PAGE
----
In today’s challenging job market, chances are that you have heard that healthcare is one of the few fields that continues to grow. Demand for trained healthcare professionals is always on the rise, and the field offers more job security than almost any other.
When you think of healthcare jobs, though, you probably think of positions like doctors, nurses, lab technicians and the like – and if you are a career changer or recent graduate, you might be unable (or not interested) in the years of study required to become a doctor or nurse. A lack of interest or ability in that area doesn’t mean that you can’t work in the healthcare realm, though. Public health, which encompasses the notions of ensuring access to medical care for everyone, disease prevention, health education and advocating for clean air, water and food, is a growing field. Thus, studying public health opens up a wide range of career possibilities.
If you’re considering seeking a masters of public health, here are five reasons to give it a go:
Job Opportunities both at Home and Abroad
No one can deny that the job market today is challenging, even for experienced professionals. However, the public health field is robust, with jobs available in almost every city and state and, yes, around the globe. With a master’s in public health, it’s possible to land a job with an international organization like the American Red Cross or World Health Organization, and travel around the world to study and assess public health issues and work toward eradicating them.
Jobs in a Variety of Settings; Not Just Hospitals
Not only are public health jobs available worldwide, but they aren’t just limited to healthcare settings like doctor’s offices or hospitals. With a MPH degree, you could work with a government or community agency, insurance or drug company, nonprofit agency, school or local clinic.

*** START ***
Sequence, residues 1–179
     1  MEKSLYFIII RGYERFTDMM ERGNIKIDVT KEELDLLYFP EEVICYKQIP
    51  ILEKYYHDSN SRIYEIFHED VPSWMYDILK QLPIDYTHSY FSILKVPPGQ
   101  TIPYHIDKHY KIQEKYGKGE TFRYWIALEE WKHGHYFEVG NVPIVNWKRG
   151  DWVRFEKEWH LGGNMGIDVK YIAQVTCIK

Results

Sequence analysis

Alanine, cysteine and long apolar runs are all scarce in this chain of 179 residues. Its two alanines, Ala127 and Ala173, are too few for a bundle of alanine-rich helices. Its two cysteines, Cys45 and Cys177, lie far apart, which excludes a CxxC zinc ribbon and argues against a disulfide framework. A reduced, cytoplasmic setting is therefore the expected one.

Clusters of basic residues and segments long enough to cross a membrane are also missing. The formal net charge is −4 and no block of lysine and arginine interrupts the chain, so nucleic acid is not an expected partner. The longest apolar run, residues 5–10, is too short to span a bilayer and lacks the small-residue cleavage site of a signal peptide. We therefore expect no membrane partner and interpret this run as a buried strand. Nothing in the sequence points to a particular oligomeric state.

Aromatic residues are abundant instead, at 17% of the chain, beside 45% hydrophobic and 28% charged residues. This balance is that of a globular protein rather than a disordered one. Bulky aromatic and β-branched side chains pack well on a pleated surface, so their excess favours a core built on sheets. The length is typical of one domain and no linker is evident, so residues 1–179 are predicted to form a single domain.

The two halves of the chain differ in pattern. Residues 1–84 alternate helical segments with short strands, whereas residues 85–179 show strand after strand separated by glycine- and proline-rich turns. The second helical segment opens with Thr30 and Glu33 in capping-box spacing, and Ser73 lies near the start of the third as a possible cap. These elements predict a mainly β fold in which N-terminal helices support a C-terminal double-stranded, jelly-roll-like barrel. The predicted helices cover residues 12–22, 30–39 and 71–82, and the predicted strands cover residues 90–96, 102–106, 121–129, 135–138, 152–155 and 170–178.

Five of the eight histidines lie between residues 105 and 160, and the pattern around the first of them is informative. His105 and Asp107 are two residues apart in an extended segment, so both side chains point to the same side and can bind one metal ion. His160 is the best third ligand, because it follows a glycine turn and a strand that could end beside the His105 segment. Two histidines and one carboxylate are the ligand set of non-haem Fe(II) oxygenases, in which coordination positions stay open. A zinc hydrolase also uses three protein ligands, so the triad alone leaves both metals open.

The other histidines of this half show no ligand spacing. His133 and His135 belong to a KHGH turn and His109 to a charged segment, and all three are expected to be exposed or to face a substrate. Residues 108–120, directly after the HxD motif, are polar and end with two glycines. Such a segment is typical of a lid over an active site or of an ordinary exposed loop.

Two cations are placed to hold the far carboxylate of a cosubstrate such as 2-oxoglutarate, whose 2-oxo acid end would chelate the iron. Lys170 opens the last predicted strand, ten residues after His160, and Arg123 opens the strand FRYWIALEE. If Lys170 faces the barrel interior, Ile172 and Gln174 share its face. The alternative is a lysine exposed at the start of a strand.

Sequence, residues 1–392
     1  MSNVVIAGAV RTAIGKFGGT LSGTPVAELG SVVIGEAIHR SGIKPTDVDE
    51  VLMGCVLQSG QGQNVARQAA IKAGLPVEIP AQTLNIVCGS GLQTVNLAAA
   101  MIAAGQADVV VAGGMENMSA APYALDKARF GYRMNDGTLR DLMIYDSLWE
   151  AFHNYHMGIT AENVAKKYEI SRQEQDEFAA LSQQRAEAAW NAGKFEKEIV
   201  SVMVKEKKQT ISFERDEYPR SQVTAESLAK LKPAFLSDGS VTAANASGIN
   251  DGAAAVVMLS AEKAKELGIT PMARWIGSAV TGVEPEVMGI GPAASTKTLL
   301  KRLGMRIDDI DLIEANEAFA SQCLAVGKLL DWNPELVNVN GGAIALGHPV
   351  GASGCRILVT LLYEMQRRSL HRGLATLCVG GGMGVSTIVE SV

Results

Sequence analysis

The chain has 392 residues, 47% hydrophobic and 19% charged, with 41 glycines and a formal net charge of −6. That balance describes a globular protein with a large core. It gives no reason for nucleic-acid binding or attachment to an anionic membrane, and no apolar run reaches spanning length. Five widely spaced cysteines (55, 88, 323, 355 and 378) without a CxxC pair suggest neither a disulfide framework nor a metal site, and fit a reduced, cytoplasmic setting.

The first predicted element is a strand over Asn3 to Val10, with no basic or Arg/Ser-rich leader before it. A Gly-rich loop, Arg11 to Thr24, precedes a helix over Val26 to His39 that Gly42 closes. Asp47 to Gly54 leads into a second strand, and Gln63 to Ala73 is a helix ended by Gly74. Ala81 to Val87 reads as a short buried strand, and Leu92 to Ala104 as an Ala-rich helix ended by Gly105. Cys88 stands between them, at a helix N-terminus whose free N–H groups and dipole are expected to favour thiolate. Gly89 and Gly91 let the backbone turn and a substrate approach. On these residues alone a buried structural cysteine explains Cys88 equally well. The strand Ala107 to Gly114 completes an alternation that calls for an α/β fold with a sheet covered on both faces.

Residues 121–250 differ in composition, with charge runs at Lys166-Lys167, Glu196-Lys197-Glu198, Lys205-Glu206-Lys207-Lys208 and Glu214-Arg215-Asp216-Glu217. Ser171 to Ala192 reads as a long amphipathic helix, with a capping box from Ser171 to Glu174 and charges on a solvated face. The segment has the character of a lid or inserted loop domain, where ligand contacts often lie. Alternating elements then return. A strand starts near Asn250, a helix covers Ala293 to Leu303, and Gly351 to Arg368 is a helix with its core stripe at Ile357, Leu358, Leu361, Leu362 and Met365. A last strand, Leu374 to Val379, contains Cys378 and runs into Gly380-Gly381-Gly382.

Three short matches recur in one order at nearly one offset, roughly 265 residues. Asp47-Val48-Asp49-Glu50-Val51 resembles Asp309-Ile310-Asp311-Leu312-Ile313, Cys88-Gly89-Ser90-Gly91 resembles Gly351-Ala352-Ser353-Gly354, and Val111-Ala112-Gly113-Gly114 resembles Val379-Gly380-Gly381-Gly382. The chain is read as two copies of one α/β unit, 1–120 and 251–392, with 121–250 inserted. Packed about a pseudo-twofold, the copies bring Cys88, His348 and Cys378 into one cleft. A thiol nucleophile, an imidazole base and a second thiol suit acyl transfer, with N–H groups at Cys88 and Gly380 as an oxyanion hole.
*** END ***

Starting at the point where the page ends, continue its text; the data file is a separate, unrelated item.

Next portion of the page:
A Chance to “Save the World”
Okay, so maybe you won’t literally don a cape and boots and rescue the world from health-related problems, but you’ll come pretty close. Whether you are researching infectious diseases in a third world country or visiting with new mothers to assess newborn babies and provide advice and guidance on proper hygiene, your efforts are all geared toward the greater good and help make the world a healthier place.
A Chance to Work in Healthcare – Without Focusing on Direct Patient Care
Entering the public health field does not mean that you’ll never have to change a dressing or assess an injury. However, it does mean that you won’t be providing the intense bedside care that traditional nurses provide.
One reason that some people choose to study public health is that they will not have to deal with the “blood and guts” that’s a part of traditional healthcare jobs. In general, that’s true, although you will likely need some training and experience in providing direct patient care. For example, as organizations look for ways to reduce healthcare costs, insurance companies engage public health professionals to provide health assessments and educate employees about healthy lifestyles. These assessments may require drawing blood, checking blood pressure or other care-type activities.
The vast majority of public health activities are research, assessment and education-related. Some patient interaction, and yes, some minor medical care may be required, but it’s not the focus of the job.
Public Health is a Growing and Dynamic Field
The field of public health has grown exponentially over the past ten to fifteen years, and will only continue to grow as epidemics like HIV and AIDS continue to ravage entire populations and concerns about terrorism and its effects on public health escalate. As long as new diseases continue to evolve, and individuals, corporations and governments focus on keeping people healthy, there will be a need for professionals to lead the efforts toward maintaining health.
Public health is a challenging field of study and earning a Master’s of Public Health requires a strong commitment to identifying and designing creative ways to solve problems. However, the reward is the sense of satisfaction and personal fulfillment that comes from knowing that you are greatly improving the lives of others.